(2019): The Textile Revolution, online database repository, Edition Topoi, Berlin
The research project Textile Revolution integrates studies on the introduction and spreading of the woolly sheep and wool usage from different scientific fields. Past herd structures of domesticates are investigated on the basis of bone finds; spinning tools and textile-related finds provide information on fabric production, and herding-related vegetation disturbances are investigated using pollen data. The investigated area spans from the Zagros Mountains in the south-east to the Great Hungarian Plain in the north-west and the time period between 6500 – 1500 BC is covered.
The database repository consists of four datasets:
Küchelmann, Hans Christian (2019): Archaeozoological analysis of domestic sheep in the area between South-West Asia and South-East Europe (7th-2nd millennium BC), online-database, Edition Topoi, Berlin
Within the research group „The Textile Revolution“, part of the Topoi-Project in Berlin, the archaeozoological sub-project was devoted to the process of the major economic shift in sheep husbandry that involved the change of the exploitation focus of sheep from meat and milk towards fibre production and the transformation of sheep with a hairy coat to those with a woolly fleece. Central to the research was the development of a database into which the results of a comprehensive literature research in archaeozoological publications and unpublished raw data of sites in Southeast Europe and Southwest Asia spanning a time frame from 7000 BC to 1500 BC have been recorded. The data have been collected from 548 publications published between 1952 and 2015. The present state of the database (29.7.2019) published here combines data of 401 settlement sites from 18 countries, 296 of which are located in SE-Europe and 105 in SW-Asia. The database at present includes archaeozoological data of over 2,1 million identified mammal bones including 66.717 bones identified as Ovis aries. The osteometrical part of the collection contains more than 14.000 measurement data of sheep bones.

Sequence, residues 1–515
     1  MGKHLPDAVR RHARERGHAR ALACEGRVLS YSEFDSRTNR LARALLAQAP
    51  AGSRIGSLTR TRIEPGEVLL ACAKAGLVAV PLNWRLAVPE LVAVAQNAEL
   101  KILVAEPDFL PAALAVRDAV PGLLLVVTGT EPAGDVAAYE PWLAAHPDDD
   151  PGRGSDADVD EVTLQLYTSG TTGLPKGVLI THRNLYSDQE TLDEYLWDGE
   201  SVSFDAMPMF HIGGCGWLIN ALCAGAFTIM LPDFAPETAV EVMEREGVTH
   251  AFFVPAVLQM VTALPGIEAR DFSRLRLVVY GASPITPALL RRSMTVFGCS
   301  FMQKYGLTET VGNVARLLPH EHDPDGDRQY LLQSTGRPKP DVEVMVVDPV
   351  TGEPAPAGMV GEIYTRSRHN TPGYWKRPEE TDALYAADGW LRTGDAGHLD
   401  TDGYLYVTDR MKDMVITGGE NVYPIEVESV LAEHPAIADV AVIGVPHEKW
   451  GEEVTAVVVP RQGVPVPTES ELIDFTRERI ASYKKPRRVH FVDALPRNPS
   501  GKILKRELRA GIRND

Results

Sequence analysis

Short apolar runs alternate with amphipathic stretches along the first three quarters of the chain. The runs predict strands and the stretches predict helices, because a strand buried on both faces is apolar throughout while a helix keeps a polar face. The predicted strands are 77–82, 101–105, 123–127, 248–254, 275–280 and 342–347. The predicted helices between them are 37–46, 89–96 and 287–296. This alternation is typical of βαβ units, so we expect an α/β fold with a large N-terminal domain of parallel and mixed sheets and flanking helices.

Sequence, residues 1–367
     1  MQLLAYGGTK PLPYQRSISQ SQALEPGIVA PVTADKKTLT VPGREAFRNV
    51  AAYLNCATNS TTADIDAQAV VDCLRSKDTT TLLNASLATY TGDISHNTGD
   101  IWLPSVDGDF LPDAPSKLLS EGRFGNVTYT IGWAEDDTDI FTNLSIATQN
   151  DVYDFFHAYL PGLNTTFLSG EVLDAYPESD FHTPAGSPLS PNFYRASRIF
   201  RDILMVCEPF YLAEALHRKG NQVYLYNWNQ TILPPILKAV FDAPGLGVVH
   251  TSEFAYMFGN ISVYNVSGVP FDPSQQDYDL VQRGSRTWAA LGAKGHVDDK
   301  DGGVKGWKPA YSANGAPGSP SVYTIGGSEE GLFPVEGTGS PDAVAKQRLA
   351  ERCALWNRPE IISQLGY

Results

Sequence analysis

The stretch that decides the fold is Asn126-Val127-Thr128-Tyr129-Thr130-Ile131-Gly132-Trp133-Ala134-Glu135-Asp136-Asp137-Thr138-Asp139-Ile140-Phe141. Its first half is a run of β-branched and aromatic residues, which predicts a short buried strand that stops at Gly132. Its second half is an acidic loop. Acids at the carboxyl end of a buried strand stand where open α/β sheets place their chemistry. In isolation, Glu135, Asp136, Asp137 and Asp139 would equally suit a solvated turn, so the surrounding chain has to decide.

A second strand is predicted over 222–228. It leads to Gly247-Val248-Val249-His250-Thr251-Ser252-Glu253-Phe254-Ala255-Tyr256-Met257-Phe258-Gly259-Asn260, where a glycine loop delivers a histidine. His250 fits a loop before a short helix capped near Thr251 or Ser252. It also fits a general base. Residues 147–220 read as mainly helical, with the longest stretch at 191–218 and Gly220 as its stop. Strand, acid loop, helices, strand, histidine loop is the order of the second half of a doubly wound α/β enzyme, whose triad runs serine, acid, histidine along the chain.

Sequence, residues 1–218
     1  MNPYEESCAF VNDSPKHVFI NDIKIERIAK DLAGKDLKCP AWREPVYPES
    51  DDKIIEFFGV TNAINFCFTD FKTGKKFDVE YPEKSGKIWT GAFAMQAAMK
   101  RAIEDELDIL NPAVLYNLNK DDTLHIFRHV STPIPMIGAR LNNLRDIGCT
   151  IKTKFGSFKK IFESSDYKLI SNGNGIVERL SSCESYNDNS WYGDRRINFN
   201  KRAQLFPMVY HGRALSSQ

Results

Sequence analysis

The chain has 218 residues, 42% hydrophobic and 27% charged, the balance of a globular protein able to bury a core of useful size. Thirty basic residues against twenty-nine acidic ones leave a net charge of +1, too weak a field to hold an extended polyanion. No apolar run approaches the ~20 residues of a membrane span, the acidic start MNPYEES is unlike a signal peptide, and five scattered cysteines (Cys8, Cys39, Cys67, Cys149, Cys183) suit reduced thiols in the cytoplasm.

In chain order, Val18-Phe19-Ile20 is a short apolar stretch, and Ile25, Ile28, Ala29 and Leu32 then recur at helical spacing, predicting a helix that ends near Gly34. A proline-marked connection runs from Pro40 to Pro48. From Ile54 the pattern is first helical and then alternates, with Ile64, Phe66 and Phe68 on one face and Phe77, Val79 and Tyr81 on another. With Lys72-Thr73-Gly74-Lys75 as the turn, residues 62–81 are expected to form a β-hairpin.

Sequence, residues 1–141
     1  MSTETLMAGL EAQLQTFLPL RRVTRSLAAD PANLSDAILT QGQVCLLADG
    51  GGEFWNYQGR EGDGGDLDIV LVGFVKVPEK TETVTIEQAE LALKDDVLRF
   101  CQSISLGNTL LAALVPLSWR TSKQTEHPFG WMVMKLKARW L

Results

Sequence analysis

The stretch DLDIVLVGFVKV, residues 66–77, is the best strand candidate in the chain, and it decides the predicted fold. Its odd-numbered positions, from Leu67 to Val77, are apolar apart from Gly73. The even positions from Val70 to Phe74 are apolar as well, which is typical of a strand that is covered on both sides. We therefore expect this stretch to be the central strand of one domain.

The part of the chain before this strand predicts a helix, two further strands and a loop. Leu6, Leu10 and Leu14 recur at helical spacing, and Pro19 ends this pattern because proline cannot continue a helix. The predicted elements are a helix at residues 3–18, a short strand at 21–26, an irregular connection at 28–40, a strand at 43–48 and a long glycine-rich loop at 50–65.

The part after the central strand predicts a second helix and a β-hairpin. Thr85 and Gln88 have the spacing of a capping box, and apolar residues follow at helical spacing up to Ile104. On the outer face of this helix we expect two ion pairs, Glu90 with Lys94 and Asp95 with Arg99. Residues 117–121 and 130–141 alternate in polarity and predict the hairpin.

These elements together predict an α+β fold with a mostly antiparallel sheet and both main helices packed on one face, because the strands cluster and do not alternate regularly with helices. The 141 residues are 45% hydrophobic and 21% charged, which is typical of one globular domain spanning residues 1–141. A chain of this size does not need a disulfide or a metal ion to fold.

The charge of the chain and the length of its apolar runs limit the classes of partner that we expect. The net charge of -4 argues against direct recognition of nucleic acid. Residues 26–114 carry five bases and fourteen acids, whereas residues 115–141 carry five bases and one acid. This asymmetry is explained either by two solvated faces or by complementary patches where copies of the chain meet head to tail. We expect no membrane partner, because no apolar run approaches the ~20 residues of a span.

Whooly sheep bone database metadata (pdf 2,7 MB)
online data repository: bones
The original FileMaker Pro database is available on request from the author at firstname.lastname@example.org (the database will be a runtime version, working on most standard computer operating systems without requirement to install the program).
Grabundzija, Ana (2019): Archaeological Evidence for early Wool Exploitation in South-East and Central Europe: Textile Tool Dataset
This summarized and catalogued dataset was recorded and analyzed during the Topoi PhD Research Project (A-4-1-1) on Archaeological Evidence for Early Wool Exploitation in South-East and East Central Europe. It contains textile tools sampled within a site cluster that stretches accross the Pannonian Plain. The research study was focused on elucidating spatio-temporal and causal factors of the major changes in Eneolithic textile technologies, which might have been associated with raw fibre material innovation (Becker et al., 2014). The final Catalogue of Finds contains details on, collectively, 1048 archaeological objects classified as textile tools.